The global crook court is on Monday to skip judgment on Congolese warlord Bosco Ntaganda, dubbed the “Terminator” for allegedly masterminding massacres and the use of children in his riot military.
Ntaganda is accused of overseeing the slaughter of civilians with the aid of his soldiers in the Democratic Republic of Congo’s risky, mineral-rich Ituri place in 2002 and 2003.
Prosecutors gave horrific info of sufferers together with a few who had been disemboweled and had their throats slit, as a part of the proof all through his 3-year trial in the Hague.
The ICC says it will announce at 0800 GMT “whether it reveals the accused innocent or guilty beyond a reasonable doubt.”
The gentle-spoken Ntaganda — known for his pencil mustache and a penchant for quality dining — advised judges all through his trial that he was “soldier no longer a crook” and that the “Terminator” nickname did no longer practice to him.
— United Nations (@UN) July 8, 2019
Rwandan-born Ntaganda faces 13 counts of warfare crimes and five counts of crimes in opposition to humanity for his position within the brutal battle that wracked the northeastern location.
Prosecutors portrayed him as the ruthless leader of ethnic Tutsi revolts amid the wars that wracked the Democratic Republic of Congo after the 1994 genocide of Tutsis in neighboring Rwanda.
more than 60,000 humans have been killed because the violence erupted in the region in 1999 in keeping with rights organizations, as militias war every other for control of scarce mineral resources.
Bosco Ntaganda high profile setbacks
Prosecutors said Ntaganda changed into significant to the making plans and operations for the Union of Congolese Patriots rebels and its navy wing, the Patriotic Forces for the Liberation of Congo (FPLC).
The FPLC killed at least 800 people as it fought rival militias in Ituri, prosecutors stated.
formerly a Congolese navy well-known, Ntaganda then has become a founding member of the M23 rebellion group, which changed into eventually defeated by using Congolese government forces in 2013.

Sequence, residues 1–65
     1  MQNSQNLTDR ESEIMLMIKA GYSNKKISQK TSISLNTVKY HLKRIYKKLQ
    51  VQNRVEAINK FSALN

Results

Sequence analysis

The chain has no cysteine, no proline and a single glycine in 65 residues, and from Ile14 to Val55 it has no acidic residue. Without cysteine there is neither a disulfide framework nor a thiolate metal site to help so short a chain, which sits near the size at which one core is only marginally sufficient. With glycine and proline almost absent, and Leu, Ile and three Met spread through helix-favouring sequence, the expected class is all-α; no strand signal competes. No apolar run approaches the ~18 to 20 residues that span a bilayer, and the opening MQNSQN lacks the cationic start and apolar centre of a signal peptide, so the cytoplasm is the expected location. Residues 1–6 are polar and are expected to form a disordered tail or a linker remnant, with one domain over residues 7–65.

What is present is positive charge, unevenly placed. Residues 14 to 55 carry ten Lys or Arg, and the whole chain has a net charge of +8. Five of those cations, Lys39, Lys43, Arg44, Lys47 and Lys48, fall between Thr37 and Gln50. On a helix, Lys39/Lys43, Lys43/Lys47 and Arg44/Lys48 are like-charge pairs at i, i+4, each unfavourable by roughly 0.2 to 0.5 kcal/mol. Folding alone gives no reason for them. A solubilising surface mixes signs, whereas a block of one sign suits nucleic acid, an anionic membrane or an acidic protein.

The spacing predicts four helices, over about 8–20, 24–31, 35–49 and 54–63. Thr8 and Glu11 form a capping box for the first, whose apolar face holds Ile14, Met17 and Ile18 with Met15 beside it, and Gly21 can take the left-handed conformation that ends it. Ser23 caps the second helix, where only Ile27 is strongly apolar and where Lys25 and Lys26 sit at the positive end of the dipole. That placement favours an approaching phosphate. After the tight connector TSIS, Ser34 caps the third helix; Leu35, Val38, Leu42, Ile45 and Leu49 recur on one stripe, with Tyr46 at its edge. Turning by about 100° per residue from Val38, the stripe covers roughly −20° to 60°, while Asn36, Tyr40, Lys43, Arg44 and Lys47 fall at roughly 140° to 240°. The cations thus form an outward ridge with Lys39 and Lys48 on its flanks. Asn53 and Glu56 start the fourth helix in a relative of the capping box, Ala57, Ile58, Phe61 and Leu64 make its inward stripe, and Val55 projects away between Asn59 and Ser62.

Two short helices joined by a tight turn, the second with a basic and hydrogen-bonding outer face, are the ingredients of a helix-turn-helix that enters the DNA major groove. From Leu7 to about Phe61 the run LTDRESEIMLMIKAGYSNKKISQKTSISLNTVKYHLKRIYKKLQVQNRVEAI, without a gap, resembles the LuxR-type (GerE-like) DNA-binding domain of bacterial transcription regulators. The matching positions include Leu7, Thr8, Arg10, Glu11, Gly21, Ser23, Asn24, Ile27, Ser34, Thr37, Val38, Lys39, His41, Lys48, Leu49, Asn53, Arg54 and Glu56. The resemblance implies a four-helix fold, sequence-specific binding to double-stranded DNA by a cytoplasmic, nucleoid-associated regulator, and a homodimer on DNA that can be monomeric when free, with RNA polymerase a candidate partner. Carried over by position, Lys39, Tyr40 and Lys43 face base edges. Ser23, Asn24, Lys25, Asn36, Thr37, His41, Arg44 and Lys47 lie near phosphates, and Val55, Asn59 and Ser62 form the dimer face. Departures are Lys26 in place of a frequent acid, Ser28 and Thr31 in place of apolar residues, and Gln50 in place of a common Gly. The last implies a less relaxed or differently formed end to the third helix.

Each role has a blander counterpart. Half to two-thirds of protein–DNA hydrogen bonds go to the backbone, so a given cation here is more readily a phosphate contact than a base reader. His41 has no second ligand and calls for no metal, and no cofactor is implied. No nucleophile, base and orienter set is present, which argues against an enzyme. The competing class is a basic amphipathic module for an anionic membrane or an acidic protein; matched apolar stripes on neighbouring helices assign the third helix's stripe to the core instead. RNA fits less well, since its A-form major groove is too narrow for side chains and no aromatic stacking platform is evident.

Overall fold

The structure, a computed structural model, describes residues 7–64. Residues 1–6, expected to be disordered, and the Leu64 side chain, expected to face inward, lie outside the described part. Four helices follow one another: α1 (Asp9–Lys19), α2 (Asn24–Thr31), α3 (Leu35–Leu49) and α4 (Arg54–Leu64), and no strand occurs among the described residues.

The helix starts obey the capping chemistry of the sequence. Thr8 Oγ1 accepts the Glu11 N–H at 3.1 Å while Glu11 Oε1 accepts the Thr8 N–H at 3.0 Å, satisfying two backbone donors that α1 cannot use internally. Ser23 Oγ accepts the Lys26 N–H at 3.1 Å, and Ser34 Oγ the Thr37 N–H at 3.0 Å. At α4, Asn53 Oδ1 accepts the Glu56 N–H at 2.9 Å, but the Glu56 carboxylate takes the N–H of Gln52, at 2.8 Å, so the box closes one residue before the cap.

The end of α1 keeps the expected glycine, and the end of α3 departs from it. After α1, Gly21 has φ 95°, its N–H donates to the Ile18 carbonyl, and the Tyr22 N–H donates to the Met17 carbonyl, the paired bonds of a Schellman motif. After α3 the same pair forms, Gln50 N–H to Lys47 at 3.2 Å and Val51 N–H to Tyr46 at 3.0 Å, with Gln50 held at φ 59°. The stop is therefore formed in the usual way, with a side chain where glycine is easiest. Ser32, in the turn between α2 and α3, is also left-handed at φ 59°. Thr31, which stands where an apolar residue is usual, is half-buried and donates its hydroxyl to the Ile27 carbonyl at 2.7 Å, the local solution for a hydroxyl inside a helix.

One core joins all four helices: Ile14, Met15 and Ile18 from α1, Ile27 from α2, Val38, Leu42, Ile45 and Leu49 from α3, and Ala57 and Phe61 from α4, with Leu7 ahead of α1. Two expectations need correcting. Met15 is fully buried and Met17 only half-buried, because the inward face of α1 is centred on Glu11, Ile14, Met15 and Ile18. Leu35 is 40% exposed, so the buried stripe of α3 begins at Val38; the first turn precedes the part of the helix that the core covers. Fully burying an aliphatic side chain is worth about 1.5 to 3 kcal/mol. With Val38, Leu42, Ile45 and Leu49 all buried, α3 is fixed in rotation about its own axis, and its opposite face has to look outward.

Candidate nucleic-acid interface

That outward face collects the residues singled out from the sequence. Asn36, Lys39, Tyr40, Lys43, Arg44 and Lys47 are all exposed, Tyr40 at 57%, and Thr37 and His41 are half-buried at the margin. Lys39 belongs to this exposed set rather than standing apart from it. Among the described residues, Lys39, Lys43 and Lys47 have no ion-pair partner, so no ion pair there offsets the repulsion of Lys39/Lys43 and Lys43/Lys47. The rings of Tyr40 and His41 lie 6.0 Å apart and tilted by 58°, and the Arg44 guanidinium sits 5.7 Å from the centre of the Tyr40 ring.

the first-ever suspect to voluntarily give up to the ICC, he walked into the USA embassy in the Rwandan capital Kigali in 2013 and asked to be dispatched to the court docket, based inside the Netherlands.
Ntaganda is certainly one of 5 Congolese warlords brought earlier than the ICC, which became an installation in 2002 as an impartial global body to prosecute those accused of the world’s worst crimes.
Ntaganda’s former FPLC commander Thomas Lubanga become sentenced to fourteen years in prison in 2012.
however, it has suffered several setbacks over current years with a number of its maximum high-profile suspects taking walks free, even as it has also been criticized for especially trying African suspects to date.
The #ICC has found Congolese #warlord Bosco Ntaganda guilty of #crimesagainsthumanity. Ntaganda was found responsible for human trafficking and a mass killing in the #Ituri region of the Democratic Republic of Congo. ?? #JournalofDiplomacy https://t.co/EUpFDgbPM1 pic.twitter.com/ZgPU5KK0gT
— Journal of Diplomacy (@JournalofDiplo) July 8, 2019
Fast Facts You Need to Know
- Bosco Ntaganda was found guilty of giving ‘orders to target and kill’ civilians
- Other charges include murder, rape, sexual slavery, and recruiting child soldiers
- The conviction is seen as a much-needed win for the court that has drawn fire